Geraldo Rivera Calls Rush Limbaugh's Secession Warning 'Treason'

Comments by conservative radio host Rush Limbaugh that political division in the U.S. is pushing the country towards a break up have been described as "treason" and "reckless" by Fox News contributor Geraldo Rivera.

After he was asked whether the GOP could ever win an election without taking back Democrat cities, Limbaugh told his listeners on Wednesday that the conflict between liberal and conservative ideologies posed an existential threat to the U.S.

His comments come as 18 states have joined Texas in launching Supreme Court legal action to reject votes in battleground states won by President-elect Joe Biden.

"I see more and more people asking what in the world do we have in common with the people who live in, say, New York?" Limbaugh said. "I actually think we are trending toward secession."

"There cannot be a peaceful coexistence of two completely different theories of life, theories of government, theories of how we manage our affairs," Limbaugh said, adding, "we can't be in this dire a conflict without something giving somewhere along the way." He later clarified that he was not advocating for the break-up of the country.

Fox News contributor Geraldo Rivera
Geraldo Rivera is pictured at SiriusXM Studios on November 1, 2018 in New York City. He has described comments by Rush Limbaugh about the secession of the U.S. as "treason." Roy Rochlin/Getty Images

But after the clip was played on The Story, Fox anchor Martha MacCallum asked Rivero whether he thought the break up of the U.S. was a "possibility."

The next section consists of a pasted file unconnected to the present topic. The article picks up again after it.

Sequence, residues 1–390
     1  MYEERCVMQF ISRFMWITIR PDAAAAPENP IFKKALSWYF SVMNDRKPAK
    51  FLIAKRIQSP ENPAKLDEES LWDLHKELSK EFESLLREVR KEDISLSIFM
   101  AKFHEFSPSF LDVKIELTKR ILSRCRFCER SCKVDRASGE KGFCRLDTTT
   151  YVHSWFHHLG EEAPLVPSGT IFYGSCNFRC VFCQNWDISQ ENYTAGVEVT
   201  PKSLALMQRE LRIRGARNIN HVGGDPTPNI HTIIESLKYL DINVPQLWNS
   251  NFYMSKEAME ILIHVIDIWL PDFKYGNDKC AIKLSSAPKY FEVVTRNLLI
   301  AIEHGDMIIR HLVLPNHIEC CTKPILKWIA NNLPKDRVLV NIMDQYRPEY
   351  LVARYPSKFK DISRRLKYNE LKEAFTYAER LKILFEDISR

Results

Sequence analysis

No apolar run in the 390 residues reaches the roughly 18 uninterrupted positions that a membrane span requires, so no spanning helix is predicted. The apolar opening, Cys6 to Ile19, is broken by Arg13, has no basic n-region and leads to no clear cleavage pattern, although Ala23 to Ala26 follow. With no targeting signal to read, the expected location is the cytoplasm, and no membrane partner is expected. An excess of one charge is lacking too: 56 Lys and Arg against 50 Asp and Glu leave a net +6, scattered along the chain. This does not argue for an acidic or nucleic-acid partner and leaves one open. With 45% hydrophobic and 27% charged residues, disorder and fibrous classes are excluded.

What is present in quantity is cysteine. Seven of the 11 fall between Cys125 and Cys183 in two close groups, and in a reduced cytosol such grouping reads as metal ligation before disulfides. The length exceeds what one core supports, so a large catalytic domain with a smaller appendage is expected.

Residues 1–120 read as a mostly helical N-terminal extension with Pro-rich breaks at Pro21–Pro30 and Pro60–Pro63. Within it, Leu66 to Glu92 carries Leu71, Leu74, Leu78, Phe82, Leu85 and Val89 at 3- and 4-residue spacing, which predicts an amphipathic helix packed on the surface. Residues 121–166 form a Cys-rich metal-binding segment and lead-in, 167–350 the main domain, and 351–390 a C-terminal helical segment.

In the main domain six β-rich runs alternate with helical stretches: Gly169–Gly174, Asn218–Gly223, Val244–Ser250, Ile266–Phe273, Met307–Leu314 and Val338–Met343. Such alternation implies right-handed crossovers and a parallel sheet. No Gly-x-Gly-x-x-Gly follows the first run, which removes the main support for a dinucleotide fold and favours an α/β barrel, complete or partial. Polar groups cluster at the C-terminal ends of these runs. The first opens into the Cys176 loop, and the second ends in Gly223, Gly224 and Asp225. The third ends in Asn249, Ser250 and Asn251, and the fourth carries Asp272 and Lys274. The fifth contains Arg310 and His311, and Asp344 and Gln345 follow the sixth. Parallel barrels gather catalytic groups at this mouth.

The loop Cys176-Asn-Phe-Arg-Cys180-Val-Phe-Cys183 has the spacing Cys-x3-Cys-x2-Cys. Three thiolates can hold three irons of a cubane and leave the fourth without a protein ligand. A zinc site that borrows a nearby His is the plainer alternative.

Rivera responded: "I think talk of secession is treason Martha, I want to be very clear. Rush Limbaugh is a powerhouse broadcaster. He is one in a zillion, they come along once in a generation, but that talk is reckless, it's irresponsible.

"We are one nation indivisible. I had to laugh, Rush goes on to say that people where he has no idea what people in New York are thinking, they are so different they are like a different species," Rivera added.

"Half of New York lives in Florida where Rush Limbaugh lives, it's preposterous. I live in Ohio, a red state. I strongly supported President Trump, but also pro-gun control, pro-immigration reform, I'm pro-choice.

"I think leaders who accentuate the differences and exacerbate the divide are themselves responsible," he added.

The only time states have seceded was in the run up to the Civil War, when southern states backing slavery tried to break away from the union 160 years ago.

Civil War-era sentiments were also invoked in a misspelled and deleted tweet he later apologized for by Mississippi State Rep. Price Wallace (R) who said last month that his state was ready "to succeed [sic] from the union and form our own country."